At what point should they stand on their own two feet? When is parental help welcome — and when does it stunt growth?
“When I had my fourth baby, I was in a double room in Shaare Zedek,” recalls Adina, a mother from Mattersdorf. “A young woman of about 19 was brought in, having just had her first.”
There had been a minor complication, and she was given a strong drug that left her with a debilitating headache. A doctor came to speak with her, but her mother and mother-in-law were there, demanding an explanation. The doctor responded that he’d explained to the couple what their options were, they’d needed to make an immediate decision, and at the doctor’s recommendation, this is what their daughter and her husband had agreed to.
“She’s just a child!” cried her mother. “How could mere children be expected to make such a decision?!”
“The doctor made an impatient sound,” Adina recounts, “and he retorted, ‘This mere child is married and just had a baby, for heaven’s sake. If she’s too much of a child to make decisions for herself, she’s certainly too much of a child to be having children!’”
And yet, it’s tricky balance. We marry off children at a relatively young age, and many of them are fairly dependent on us. It’s a strange phenomenon: Are they adults? Are they kids?
Esty E., a relationship coach and popular address for parenting advice for mothers of all ages, encourages parents to define the word “child.”
“When you say ‘child,’ you might mean in relation to not yet being an adult, or in relation to being the offspring of a parent. Your children, in relation to you, will always be your children. But they do grow up and become adults.”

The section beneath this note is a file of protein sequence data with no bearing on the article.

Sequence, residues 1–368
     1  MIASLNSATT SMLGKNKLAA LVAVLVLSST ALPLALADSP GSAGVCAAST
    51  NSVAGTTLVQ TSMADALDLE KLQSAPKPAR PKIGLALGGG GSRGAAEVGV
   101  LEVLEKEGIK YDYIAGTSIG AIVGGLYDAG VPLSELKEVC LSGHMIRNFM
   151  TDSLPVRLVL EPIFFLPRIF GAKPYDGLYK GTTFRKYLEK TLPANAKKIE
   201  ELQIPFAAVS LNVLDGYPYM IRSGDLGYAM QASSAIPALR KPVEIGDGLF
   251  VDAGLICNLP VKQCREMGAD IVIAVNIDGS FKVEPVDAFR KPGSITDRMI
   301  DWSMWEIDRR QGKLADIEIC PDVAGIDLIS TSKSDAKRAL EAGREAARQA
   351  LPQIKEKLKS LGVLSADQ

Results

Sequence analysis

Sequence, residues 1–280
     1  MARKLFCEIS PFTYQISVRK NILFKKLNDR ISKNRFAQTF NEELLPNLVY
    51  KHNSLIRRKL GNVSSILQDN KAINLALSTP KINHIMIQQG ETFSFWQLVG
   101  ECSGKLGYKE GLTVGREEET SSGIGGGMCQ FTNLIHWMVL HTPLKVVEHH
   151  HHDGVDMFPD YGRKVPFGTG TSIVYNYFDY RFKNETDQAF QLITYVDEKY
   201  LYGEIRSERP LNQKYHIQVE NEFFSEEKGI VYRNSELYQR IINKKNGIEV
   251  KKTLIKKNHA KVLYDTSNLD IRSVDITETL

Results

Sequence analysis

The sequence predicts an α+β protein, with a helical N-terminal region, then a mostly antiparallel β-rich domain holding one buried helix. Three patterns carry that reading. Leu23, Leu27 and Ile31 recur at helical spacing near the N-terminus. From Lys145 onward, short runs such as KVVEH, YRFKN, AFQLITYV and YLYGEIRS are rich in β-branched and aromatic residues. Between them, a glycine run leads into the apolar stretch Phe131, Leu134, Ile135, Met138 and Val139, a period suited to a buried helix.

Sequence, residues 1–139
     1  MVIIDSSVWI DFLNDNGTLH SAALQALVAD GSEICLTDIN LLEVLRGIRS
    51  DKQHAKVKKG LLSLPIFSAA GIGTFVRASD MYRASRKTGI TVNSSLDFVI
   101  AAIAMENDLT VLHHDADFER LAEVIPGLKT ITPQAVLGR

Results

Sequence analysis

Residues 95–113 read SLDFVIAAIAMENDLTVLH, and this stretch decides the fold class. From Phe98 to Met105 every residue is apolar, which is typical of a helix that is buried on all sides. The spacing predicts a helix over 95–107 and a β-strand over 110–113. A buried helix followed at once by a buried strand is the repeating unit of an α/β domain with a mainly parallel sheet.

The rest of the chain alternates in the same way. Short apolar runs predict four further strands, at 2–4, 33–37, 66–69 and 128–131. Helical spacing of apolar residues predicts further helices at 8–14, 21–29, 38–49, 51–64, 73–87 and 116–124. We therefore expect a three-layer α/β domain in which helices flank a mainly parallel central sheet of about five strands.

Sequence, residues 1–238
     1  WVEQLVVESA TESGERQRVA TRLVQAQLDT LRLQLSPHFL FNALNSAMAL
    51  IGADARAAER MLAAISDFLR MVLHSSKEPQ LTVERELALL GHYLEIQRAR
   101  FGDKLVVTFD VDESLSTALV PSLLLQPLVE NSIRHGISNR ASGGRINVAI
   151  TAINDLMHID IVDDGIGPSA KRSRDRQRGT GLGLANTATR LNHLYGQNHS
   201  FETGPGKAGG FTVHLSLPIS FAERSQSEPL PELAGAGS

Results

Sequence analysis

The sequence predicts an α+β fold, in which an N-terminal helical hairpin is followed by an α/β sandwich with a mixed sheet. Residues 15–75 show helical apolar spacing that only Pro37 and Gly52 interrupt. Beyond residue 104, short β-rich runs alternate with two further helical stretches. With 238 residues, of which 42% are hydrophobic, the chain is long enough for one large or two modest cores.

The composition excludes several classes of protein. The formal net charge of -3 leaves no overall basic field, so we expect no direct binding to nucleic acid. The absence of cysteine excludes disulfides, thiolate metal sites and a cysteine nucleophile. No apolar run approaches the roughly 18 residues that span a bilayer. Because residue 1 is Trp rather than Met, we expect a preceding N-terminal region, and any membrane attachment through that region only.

But when we continue viewing adult children as “children,” we risk stunting their independence, even as we ostensibly ease them into adulthood.
“Marriage is a huge adjustment,” says Kayla, a mom of several marrieds, “so we want to cushion that transition for them. But helping doesn’t mean babying. Even when they’re engaged, I can look for ads for apartments and furniture sales, and I’ll even sit with you when you make those calls… but no, sweetie, I can’t make the calls for you.”
“Practically speaking,” feels Rachel, who has a married daughter, “we’re supporting my daughter and son-in-law financially, so naturally we end up more involved in the nitty-gritty of their lives. Objectively, I know we need to help them be more independent, but at the end of the day — they’re really just kids.”
Adina bristles when she hears this description. “As long as we consider them little kids, that’s what they’ll be. Marriage is too huge of a life change and responsibility to trust children with.”
Mrs. Esther Gendelman, LPC, coauthor of The Missing Peace, is a therapist with a long-time practice in Detroit, and more recently in Toms River, New Jersey. She stresses that any discussion pertaining to our children’s transition into independence has to be within the context of, first and foremost, healthy emotional maturity. The concept of children transitioning to a new home, Mrs. Gendelman points out, is difficult for the children as well as the parents. If we help our children develop emotional maturity early on, long before they stand under the chuppah, things should ideally progress and evolve in a healthy manner afterward.
To varying degrees, it’s become the norm for young couples to be somewhat dependent on their parents. For starters, there’s the issue of support during kollel years, not unlike the support their non-yeshivish counterparts might receive while finishing their degrees.
In addition, many couples rely on their parents’ help in their daily lives, both physically and emotionally. They might pop in to do laundry, drop off the baby, pick up supper, “shop” in Mommy’s pantry, or just to hang out. For some moms, this is a sign of closeness and a great relationship. Ask the mechuteneste, however, and she might see it differently.
(Excerpted from Family First, Issue 663)